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'I could not recognise myself in the wig and bindi'

May 21, 2009 19:52 IST

'I couldn't recognise myself in the wig and bindi'

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We've seen how actors love to experiment. As if to make sure he's not left behind, Shreyas Talpade took off his jeans and put on a sari for his new film, Paying Guest. Also starring Celina Jaitley, Javed Jaferri, Aashish Chowdhary, Vatsal Seth, Riya Sen, Neha Dhupia, Sayali Bhagat, Johnny Lever and Delnaz Paul, the film is expected to be a laugh riot. Directed by Paritosh Painter, Paying Guest will hit the theatres as soon as the strike is called off.

Shreyas spoke to Patcy N and talked about how difficult it is to play a woman.

Tell us about Paying Guest.

It's a fun film --  an over-the-top slapstick comedy about four friends who are thrown out from their houses and jobs. In the process of finding a house, they have to do many things -- including becoming a woman and telling lies.

I play a cook. I've played a cook before in Bombay to Bangkok. I'm employed by Johnny Lever, an absent-minded person. He throws me out of the job after a tiff and after that, I pretend to be a woman and stay in his house as a paying guest. So when people ask me who I am paired opposite, I say I'm paired opposite Celina and Aashish Choudhary!


Image: A scene from Paying Guest

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'Wearing ghagaras and saris are tough!'

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You're looking gorgeous in a woman's get-up.

I should thank our make-up team. If they have made a boy like me look gorgeous, they have done a wonderful job! But it goes beyond costumes, bangles and bindi. Pari helped me with the body language. I have made many observations about women, and have used that as well.

How did you carry out your costumes?

It was really tough. We keep saying heroines take so much time to get ready but here, I would take about two and a half hours to get ready. Wearing ghagaras and saris are tough! Thumbs up to the heroines of our industry. If they get late in getting ready, I will not complain from now on.

What was the first reaction when you stepped out of your make-up van in a woman's clothes?

It was torture! All the crew members started whistling, some started pinching and tickling me! I felt trapped. And to think that was only the first day of the shoot, and there were 40 more days to go! But it was good fun; we had our moments. Of course, I don't think I will dress like a woman for any film for the next two years.


Image: A scene from Paying Guest

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'It was a funny but superb experience'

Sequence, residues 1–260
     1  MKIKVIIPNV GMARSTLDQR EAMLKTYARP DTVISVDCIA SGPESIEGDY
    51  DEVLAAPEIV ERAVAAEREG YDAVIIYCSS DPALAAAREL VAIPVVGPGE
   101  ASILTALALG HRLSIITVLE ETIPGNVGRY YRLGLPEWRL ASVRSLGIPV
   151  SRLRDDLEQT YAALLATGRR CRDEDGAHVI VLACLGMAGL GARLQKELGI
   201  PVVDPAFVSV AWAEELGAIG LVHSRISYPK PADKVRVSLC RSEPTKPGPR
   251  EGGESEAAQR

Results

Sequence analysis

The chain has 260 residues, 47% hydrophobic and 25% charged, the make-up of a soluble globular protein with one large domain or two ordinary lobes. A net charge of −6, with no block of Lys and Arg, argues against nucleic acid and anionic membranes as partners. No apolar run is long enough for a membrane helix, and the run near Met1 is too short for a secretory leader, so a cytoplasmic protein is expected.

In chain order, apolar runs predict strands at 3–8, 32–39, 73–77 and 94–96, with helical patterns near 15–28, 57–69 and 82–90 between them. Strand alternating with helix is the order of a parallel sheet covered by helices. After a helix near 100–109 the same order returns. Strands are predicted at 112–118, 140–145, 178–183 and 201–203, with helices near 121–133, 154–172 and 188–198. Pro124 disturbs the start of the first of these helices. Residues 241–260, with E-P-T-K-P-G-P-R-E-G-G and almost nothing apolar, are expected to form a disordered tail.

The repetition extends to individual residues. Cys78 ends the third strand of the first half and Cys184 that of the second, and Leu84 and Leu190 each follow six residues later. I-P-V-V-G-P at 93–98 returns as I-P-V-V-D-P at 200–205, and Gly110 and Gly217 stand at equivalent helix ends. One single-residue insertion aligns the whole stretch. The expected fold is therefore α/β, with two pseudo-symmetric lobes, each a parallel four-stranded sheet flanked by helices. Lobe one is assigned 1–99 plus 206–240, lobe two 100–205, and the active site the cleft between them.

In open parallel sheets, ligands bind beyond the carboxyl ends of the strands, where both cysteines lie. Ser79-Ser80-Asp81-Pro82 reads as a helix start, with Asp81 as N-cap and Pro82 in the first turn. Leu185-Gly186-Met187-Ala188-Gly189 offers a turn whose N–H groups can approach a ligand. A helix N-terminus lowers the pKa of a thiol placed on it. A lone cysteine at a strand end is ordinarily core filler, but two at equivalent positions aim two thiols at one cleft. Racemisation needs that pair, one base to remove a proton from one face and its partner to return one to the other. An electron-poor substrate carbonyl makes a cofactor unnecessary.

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Your mindset usually has to change according to your get-up.

(Laughs) If the shoot lasted for another 15 days, I think it would have affected my hormones because you are so much into that zone and into the character. Even after the make-up is removed, you tend to be in that zone. So sometimes Paritosh would tell me, 'what are you doing? Please time yourself like a man.'

So it definitely affects you. Now, I'm out of it.

When I sat for make-up for the first time, I closed my eyes and opened them only after the make-up was done. I just could not recognise myself because of the wig and bindi. It was a funny but superb experience.


Image: A scene from Paying Guest

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'Celina's very chilled out'

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You're paired opposite Celina here, and have worked with her before too.

We share a good rapport. She's very chilled out. We just had one scene together in Apna Sapna Money Money. But we got to know each other well in Golmaal Returns. She is very hard working and professional. She comes to the sets on time and gets ready on time. During Golmaal Returns, I thought she would come late and get ready late. But when I went on the sets for a 9 am shift, I learnt that she was already in, and was waiting for me. Nowadays, we even improvise on our scenes, as we know each other's strengths and weakness. We compliment each other well.

Did Celina give you any tips to play a woman?

Everyone would advise me, especially Celina. She would advise me on my gestures and expressions. She taught me the nakras of a woman. I would copy the girls on the sets -- how they walked and talked and carried themselves.


Image: A scene from Paying Guest

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'Paying Guest was like a college reunion'

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Paritosh Painter and you were in the same college. So the comfort level must have been greater.

Yes, Paritosh, Sajid-Wajid and I were in the same college. We were in a drama team. I would act and mime and do mimicry as well. Paritosh would write and direct and Sajid-Wajid would compose music. The associate director Santram Verma, and writer Ballu are also from the same college. So it was like a college reunion.

This is my fifth film with Mukta Arts, and it was a great experience.

Tell us about the music of Paying Guest.

When we were shooting for the film, all of us sat and listened to the music. And we liked it. There's a club song called 50-50. It's picturised on the four boys. When I heard it for the first time, I thought it wasn't that catchy and even told Paritosh about it. So he asked me to listen to it when we started shooting. It started growing on me while shooting and has now become one of my favourites. In fact our choreographer Remo told me that if this song becomes a chartbuster, we'll have to treat him. I feel I'm losing that bet. All songs are peppy.


Image: A scene from Paying Guest

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